For Tchale, art is used to tell stories. And the stories his work has told have ranged from the history of colonization in Africa to the passion of love to the vibrant culture of Cabo Verde. ??For me, art is a way for me to not just tell a story, but how I feel about a story,? he says. ?And art is a way to talk about stories that aren?t told.? This points to one of the reasons people desire to buy and collect art–each piece has a unique perspective.
Hone your craft and get experience under your belt. Moore received a BFA in Illustration from Detroit?s College for Creative Studies (2009) and an MFA in Painting from Yale University?s School of Art (2013). He also recently served as Artist-in-Residence at Knox College in Illinois. He has served as well as co-curator and exhibitor for several shows, including Great American Artist at the Charles H. Wright Museum and Do the Yale Thing at the George N?Namdi Center for Contemporary Art. He has also had several solo exhibits, most recently at Winston-Salem State University. ?It’s a steady process but I grew up heavily involved in art. I attended College for Creative Studies in Detroit and majored in Illustration because I thought that would be a way for me to make some money through art. After a while, I realized I didn’t like making artwork for others, so after graduating from College for Creative Studies I took some time off and then applied to Yale’s Graduate Painting program,? says Moore.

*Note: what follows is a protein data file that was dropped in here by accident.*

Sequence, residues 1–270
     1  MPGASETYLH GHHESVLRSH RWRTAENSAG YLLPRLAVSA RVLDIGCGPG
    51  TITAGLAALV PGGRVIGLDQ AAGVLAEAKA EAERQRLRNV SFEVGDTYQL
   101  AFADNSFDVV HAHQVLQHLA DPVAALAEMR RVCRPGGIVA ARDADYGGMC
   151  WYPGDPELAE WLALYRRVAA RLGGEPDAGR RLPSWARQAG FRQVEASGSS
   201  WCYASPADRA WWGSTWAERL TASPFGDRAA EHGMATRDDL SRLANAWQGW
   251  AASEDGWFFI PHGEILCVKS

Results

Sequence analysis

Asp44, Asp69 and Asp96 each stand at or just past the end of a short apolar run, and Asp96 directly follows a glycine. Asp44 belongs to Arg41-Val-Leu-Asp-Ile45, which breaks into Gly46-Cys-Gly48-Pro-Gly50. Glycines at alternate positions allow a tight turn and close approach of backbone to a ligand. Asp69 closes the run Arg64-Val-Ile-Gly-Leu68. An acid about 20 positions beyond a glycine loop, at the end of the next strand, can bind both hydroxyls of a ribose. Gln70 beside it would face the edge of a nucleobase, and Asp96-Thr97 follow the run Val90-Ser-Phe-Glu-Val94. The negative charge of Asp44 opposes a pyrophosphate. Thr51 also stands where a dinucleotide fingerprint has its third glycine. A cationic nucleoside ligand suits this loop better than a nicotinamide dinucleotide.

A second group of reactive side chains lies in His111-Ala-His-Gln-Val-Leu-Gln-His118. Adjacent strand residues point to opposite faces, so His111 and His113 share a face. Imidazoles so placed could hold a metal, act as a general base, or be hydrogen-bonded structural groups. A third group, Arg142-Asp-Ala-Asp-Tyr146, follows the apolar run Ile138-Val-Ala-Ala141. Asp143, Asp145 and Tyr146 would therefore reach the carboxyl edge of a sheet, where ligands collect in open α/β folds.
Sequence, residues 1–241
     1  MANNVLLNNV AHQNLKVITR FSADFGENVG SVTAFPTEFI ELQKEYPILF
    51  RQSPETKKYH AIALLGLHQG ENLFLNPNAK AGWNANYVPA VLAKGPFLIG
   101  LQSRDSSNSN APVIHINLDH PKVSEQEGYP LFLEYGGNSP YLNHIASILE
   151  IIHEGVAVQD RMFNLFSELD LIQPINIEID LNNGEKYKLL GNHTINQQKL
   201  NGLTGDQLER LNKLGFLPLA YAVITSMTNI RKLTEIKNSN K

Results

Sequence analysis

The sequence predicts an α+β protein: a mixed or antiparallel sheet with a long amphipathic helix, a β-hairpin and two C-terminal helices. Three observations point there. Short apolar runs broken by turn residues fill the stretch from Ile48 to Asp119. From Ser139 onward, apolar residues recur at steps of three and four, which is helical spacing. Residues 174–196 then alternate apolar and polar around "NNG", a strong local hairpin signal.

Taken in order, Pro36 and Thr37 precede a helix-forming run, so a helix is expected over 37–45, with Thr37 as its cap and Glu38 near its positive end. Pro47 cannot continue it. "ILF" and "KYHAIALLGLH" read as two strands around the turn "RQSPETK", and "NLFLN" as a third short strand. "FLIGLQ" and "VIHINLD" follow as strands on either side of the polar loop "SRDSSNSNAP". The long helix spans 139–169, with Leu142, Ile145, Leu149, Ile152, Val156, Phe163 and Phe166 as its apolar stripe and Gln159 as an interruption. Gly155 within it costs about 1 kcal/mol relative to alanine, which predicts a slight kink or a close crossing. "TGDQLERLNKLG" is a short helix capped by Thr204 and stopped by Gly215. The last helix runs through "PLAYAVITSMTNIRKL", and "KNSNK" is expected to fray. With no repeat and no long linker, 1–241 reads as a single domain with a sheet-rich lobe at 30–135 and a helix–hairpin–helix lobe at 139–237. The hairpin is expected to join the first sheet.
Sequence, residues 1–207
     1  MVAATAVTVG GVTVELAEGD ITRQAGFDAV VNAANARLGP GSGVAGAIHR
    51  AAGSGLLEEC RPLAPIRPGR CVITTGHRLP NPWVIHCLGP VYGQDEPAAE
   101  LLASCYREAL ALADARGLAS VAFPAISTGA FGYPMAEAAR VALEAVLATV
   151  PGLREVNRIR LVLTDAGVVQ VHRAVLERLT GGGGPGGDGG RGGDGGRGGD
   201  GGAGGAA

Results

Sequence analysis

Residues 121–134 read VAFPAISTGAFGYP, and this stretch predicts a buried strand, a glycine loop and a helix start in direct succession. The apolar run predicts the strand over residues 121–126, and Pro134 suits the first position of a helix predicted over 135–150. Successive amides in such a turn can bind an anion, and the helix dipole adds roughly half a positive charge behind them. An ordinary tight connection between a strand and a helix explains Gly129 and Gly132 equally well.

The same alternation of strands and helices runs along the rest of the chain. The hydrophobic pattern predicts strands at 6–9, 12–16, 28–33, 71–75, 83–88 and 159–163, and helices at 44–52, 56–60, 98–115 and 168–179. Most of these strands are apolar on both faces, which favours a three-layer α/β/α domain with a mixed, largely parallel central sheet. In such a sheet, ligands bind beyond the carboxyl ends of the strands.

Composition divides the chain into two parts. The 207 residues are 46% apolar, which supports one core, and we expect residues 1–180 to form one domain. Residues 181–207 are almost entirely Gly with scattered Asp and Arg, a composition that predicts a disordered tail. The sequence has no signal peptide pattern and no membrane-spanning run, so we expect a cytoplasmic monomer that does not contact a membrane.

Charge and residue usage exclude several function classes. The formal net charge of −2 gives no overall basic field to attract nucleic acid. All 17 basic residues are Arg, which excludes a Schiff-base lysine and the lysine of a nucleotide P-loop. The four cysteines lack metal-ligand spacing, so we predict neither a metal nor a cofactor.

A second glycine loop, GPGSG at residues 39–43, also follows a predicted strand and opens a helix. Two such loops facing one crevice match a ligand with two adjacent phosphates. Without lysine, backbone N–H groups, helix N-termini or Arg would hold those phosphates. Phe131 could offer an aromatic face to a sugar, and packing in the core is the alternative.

He continues, ?Making art a career is all about the love you have for creating and surrounding yourself with people who share that passion. Not everyone needs grad school, I surely didn’t want to go before I applied but I connected with people there that are very serious about their work. These are people that I would curate in shows or share opportunities with and that is not because we went to the same school but because I believe in their work. I still have?friends from undergrad that I share opportunities with if something is not fitting for my work.?
Venture into creative ventures and possible streams of revenues. Tchale, for example, is also a published writer. ?Like painting, I try to write everyday. For me, it?s another way for me to express myself, for me to tell stories, and hopefully people will want to read these stories,? he says.
Teaching is another income stream for artists. ??Teaching is definitely a way that supplements costs for a lot of artists while they are preparing for a show or nothing is selling out of their studio and I have done that as well. It has been many different ways for me, from giving lectures about my work, to creating murals, taking painting commissions and selling some pieces from the studio,? explains Moore, who has also worked on films. ?At one point, I worked in the film industry as a set sculptor and I was making some really great money.?